The Sanatan Dharma Maha Sabha is a home-grown Hindu organization. Founded in 1952, the late General Secretary, Sri Sat Maharaj did not favor foreign Hindu missionaries coming to the country. In the 1980s a Swami from the Ramakrishna Mission of India who was a guest of the Vedanta Society of Princes Town was expelled. Many suspected that the Ministry of National Security acted after complaints by the Maha Sabha.
The Chinmaya Mission of Trinidad and Tobago promoted education and teaching of the scriptures. Students interested in learning Sanskrit, Puja bedi and other aspects of Hindu dharma can enroll in the classes offered.
Both the Maha Sabha and the Chinmaya Mission are vibrant organizations and their records of excellence in education are second to none. While the Chinmaya Mission of Trinidad is affiliated with the Chinmaya Mission in India, the day to day running of the organization is in the hands of Swami Prakashananda, a local born and a citizen of Trinidad and Tobago.
Hindus welcome organizations like the Chinmaya Mission of TT and the Maha Sabha which are working for their welfare. Can the same be said for all foreign-based organizations that are present in Trinidad? Are these organizations executing projects to develop the human resource capital of the local Hindu community?
It is significant to note that parent bodies in India have schools, hospitals, hostels, and other programs serving the welfare of the people. However, the local affiliates of these organizations fail to make themselves relevant to the needs of the people.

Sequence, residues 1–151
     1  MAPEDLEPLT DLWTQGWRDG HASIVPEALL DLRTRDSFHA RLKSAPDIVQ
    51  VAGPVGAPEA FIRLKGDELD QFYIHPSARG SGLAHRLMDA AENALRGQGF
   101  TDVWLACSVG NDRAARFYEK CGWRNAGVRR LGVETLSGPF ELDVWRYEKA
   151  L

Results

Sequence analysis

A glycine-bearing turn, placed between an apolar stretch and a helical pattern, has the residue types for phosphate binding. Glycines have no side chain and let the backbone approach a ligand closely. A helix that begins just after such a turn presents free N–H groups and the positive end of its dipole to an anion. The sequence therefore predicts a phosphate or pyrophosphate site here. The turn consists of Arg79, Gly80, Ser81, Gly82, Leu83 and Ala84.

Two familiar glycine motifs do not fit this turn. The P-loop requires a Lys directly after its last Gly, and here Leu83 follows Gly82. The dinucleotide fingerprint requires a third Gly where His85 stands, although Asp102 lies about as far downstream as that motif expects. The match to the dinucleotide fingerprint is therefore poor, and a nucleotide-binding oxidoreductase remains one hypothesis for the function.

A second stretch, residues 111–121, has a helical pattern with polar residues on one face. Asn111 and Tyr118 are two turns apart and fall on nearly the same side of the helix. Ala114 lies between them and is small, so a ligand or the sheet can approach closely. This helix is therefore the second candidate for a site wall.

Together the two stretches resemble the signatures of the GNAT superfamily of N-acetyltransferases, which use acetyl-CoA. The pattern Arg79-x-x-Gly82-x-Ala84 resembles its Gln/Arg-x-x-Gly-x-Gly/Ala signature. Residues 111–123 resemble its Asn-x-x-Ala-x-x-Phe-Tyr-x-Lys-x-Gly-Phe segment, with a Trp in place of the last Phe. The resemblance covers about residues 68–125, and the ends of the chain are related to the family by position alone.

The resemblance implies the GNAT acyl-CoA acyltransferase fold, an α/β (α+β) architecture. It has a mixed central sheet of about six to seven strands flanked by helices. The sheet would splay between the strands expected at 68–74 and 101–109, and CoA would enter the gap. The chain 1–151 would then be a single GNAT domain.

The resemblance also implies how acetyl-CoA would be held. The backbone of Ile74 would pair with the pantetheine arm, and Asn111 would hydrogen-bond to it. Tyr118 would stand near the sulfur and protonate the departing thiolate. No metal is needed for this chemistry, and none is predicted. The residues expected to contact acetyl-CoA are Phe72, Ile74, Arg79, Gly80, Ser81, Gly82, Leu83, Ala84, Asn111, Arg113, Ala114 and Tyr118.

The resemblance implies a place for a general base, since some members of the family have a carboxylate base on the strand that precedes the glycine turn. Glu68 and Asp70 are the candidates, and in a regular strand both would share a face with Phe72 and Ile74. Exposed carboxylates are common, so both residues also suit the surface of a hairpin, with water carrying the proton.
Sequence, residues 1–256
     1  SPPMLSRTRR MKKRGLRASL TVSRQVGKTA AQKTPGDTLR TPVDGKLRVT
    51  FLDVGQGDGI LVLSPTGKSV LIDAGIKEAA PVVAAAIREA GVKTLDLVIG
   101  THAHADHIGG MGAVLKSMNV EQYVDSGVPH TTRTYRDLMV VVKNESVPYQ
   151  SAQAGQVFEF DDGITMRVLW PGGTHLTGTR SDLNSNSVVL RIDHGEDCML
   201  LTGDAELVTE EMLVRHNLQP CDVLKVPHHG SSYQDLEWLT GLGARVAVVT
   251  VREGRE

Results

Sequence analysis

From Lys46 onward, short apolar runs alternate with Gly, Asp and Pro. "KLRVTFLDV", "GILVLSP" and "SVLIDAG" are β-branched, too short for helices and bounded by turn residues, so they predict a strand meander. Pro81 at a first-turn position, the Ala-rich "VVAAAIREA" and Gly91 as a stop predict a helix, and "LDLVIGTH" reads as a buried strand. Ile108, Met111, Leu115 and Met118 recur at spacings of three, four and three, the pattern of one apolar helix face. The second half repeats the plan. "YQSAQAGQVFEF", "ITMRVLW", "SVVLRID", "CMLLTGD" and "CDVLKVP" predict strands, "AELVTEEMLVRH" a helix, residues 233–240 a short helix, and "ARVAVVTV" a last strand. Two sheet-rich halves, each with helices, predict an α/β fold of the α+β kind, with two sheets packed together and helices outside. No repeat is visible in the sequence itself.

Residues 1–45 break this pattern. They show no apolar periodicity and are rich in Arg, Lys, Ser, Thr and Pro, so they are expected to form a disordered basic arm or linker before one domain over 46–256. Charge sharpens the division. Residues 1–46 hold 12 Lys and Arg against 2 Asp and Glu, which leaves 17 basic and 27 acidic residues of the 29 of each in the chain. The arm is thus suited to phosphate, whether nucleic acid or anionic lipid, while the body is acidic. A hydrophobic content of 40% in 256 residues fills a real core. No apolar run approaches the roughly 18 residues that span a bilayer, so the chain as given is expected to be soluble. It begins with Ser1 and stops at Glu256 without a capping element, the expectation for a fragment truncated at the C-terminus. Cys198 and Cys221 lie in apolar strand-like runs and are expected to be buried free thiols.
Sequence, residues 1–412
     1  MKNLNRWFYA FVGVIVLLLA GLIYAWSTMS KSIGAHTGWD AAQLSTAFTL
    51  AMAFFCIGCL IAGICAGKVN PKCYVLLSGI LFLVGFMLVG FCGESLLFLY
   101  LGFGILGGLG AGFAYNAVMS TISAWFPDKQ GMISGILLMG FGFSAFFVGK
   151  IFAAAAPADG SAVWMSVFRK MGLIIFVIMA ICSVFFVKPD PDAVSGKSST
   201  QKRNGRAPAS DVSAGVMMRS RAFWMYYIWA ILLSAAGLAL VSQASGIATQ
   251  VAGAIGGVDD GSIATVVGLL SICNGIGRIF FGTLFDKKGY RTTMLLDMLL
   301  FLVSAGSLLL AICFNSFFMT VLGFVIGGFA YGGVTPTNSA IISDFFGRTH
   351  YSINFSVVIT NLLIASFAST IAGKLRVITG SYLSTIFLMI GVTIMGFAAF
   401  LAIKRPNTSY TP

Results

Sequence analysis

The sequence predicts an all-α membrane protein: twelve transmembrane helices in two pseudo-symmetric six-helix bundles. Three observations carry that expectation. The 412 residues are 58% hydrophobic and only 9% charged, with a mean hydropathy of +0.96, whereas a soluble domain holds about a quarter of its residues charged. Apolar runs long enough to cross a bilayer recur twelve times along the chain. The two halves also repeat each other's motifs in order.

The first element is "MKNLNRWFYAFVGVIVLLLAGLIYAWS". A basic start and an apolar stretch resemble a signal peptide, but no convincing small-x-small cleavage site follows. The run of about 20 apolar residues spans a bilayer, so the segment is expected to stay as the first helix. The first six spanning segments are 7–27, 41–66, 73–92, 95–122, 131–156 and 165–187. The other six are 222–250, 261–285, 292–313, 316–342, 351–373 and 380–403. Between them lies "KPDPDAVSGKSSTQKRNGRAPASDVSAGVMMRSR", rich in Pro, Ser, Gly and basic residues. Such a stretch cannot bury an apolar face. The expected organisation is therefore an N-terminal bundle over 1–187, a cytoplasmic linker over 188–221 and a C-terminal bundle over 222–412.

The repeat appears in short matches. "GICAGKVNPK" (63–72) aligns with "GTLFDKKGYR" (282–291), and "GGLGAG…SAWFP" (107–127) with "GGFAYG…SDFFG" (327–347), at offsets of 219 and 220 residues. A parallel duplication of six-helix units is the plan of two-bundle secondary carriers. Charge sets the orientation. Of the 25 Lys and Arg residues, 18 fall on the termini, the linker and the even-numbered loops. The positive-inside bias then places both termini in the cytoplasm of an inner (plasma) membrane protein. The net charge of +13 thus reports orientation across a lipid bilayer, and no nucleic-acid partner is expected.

In the 1980s Pandit Rabindranath Maharaj of Endeavour raised money for the Hindu Seva Sangh to assist Hindus who had to undergo life-saving surgeries. Pandit Rabindranath also serves as the manager of the Endeavour Hindu School and was responsible for raising funds to repair the school and provide other amenities to make the environment more comfortable for ease of learning. He also assisted with the repairing and construction of many mandirs across the country.
The Hindu Jawaan Sangh (1975-79) and the Hindu Seva Sangh (1983- ) were two vibrant organizations. With no affiliation to any parent body, these organizations were known for being self-reliant. Through shared hard work and dedication to their tasks, these organizations rescued Hindu dharma in the 1970s and 1980s. It was the Jawaan Sangh that revived Phagwa and Chowtaal. The Hindu Seva Sangh did the groundwork that prepared the foundation for Indian Arrival Day. May 30, to be declared a public holiday.
The Hindu Seva Sangh trained scores of boys and girls who went back to their local mandirs and shared their knowledge. Those who did not have a mandir for worship started satsanghs in their homes that later expanded to a mandir as in the case of Moruga.
When the Temple in the Sea had collapsed the Seva Sangh erected the Seedas Sadhu Monument inspired the reconstruction of the Temple in the Sea. Thanks to the Hindu Seva Sangh the legacy of Seedas Sadhu lives on!
Hindu organizations and groups need to become relevant if they must survive in this rapidly changing society. More so, greater leadership roles must be given to the youths who know and understand the needs of their peers.
Whether affiliated with foreign-based organizations or not, groups are going to survive only when they are relevant to the needs of the people. It would now be necessary to introduce market research to establish the kind of programs that interest Hindus. This corporate governance approach is the way to go. It would mean having a management team with varied skill sets to respond to the needs of the community and the many threats it faces.